This week, LGBT media has taken a beating. Monday’s news that Window Media had closed, taking with it the Washington Blade and Atlanta’s Southern Voice, shocked many.
At both publications — 40 and 20 years old, respectively — employees were taken off guard by the announcement. It wasn’t so much the news itself, as employees knew the parent company was trying to sell the publications, but the suddenness of the closure.
In Atlanta, a note on the door greeted employees, stating they could retrieve their personal belongings on Wednesday. In Washington, D.C., the CFO and COO of Window Media met with staff to break the news.
The other publications involved were David magazine, 411 and the South Florida Blade, as well as the online-only Houston Voice.
While it’s true that LGBT media outlets, like non-gay media, have been undergoing significant changes since the advent of the Internet, this downfall smacks of mismanagement at the top levels.
Reportedly, Avalon Equity Group invested $7 million into Window Media — a figure the Small Business Administration does not expect to recover.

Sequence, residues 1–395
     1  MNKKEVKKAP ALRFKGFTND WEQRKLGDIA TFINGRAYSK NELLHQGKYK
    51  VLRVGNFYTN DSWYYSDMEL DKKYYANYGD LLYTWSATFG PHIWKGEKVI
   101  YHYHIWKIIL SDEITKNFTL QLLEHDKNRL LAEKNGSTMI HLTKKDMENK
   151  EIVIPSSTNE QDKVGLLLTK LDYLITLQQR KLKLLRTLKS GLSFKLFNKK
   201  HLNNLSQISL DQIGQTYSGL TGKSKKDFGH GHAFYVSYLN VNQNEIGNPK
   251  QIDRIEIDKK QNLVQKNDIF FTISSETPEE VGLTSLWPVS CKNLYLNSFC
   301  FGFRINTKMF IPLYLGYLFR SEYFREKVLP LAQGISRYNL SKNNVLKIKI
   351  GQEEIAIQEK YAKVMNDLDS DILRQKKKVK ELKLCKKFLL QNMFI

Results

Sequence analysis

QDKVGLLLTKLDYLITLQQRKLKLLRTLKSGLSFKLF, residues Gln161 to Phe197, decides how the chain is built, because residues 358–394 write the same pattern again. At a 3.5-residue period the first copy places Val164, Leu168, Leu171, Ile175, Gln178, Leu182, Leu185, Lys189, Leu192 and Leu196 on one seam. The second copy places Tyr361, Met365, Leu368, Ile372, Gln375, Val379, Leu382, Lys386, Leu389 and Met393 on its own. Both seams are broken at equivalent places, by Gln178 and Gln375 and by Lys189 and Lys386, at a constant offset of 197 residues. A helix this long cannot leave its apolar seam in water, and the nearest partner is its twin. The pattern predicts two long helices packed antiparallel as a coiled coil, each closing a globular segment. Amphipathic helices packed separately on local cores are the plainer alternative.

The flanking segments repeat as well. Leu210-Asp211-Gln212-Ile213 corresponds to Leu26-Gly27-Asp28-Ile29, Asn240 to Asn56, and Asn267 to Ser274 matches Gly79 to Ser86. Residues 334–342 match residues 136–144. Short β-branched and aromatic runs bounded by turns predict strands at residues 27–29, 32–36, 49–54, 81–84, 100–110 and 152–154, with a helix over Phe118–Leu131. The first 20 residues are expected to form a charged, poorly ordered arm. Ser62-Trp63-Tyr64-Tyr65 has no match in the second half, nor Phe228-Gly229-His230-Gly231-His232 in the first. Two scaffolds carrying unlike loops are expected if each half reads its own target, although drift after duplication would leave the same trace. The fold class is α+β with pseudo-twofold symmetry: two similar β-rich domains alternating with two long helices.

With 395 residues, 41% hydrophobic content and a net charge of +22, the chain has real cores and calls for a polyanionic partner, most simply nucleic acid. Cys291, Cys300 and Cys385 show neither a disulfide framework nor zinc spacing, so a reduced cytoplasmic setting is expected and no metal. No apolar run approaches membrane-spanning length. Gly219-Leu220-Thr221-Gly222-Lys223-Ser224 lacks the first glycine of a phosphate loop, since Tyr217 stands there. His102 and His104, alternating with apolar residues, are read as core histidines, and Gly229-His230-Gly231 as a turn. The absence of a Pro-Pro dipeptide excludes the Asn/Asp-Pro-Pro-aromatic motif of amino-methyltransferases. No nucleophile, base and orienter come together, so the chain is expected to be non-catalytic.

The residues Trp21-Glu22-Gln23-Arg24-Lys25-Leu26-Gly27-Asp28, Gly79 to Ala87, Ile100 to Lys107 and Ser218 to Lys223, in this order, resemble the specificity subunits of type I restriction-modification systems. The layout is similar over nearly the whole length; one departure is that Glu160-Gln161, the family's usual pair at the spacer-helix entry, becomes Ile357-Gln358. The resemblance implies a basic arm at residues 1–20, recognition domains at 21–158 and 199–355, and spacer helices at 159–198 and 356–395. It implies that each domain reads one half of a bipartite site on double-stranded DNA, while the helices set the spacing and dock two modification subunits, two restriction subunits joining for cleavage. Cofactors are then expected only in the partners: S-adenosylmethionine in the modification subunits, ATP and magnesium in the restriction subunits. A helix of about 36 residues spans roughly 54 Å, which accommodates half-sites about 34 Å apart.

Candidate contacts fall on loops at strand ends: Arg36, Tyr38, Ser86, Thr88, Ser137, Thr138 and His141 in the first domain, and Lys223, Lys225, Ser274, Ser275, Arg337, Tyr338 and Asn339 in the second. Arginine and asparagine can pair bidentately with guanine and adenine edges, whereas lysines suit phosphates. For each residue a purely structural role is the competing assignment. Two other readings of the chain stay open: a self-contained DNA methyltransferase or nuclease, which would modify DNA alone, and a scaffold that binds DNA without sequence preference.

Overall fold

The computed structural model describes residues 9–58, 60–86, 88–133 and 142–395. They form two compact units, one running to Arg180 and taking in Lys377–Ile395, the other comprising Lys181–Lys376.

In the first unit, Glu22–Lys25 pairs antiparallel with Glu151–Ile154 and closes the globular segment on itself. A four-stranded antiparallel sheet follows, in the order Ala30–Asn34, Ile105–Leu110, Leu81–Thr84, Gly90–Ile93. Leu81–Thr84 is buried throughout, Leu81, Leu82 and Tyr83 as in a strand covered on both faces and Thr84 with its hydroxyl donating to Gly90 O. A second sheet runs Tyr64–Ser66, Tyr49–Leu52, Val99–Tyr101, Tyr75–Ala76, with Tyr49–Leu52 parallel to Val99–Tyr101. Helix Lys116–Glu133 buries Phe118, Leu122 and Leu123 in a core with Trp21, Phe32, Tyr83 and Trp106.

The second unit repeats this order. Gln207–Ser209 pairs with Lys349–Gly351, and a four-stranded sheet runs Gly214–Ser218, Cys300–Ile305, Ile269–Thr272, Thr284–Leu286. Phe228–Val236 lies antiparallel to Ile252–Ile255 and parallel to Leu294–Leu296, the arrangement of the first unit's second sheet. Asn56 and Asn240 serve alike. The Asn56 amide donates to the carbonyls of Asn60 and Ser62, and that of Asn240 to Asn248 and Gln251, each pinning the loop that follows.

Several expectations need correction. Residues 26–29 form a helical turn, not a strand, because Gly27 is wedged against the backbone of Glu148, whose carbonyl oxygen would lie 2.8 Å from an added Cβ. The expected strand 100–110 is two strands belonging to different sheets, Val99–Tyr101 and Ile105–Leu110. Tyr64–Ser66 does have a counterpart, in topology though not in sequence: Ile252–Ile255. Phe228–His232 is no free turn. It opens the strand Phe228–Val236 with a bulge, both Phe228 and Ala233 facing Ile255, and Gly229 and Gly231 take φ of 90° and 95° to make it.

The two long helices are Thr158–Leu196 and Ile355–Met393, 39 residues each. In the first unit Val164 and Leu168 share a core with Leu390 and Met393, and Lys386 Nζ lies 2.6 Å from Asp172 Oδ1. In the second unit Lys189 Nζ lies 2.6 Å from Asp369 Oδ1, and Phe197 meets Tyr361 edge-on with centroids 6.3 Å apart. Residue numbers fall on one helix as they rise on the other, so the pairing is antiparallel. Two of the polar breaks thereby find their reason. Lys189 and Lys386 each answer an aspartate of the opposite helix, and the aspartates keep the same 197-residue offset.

There are other murky details in the collapse. For instance, at the meeting on Monday with Blade staffers, the Window CFO and COO seemed to indicate the shutdown was not their decision, and resulted because the parent company was in receivership and Window was filing for Chapter 7 bankruptcy. However, the SBA denied having any part in the shutdown, and no one has been able to find a bankruptcy filing — including the SBA, Department of Justice staff, (former) Blade reporters and PGN.
So far, the COO and CFO of Window Media have not disclosed their role in the shutdown, Avalon Equity Group founder David Unger isn’t talking and the staffs don’t know what really happened.
In D.C., the employees are doubly pissed, as they had put in a viable bid for the paper over the summer — and never heard back.
Their other concern is for the archives and computer files housed at the office. If they had known of an impending shutdown, they would have ensured the information would be transferred and saved. Presently, no one is sure who actually has ownership of the data (or they aren’t talking), and no one knows what will happen to the files.
Certainly, as mainstream media has become more inclusive of LGBT issues, the demand for gay media has changed. No longer is the local gay paper the only source of LGBT news. As sexual minorities come out online and in mainstream media, the source of LGBT information is diffused. And that’s a good thing. But it’s still the local LGBT paper that will cover the smaller happenings that impact the lives of the community in depth.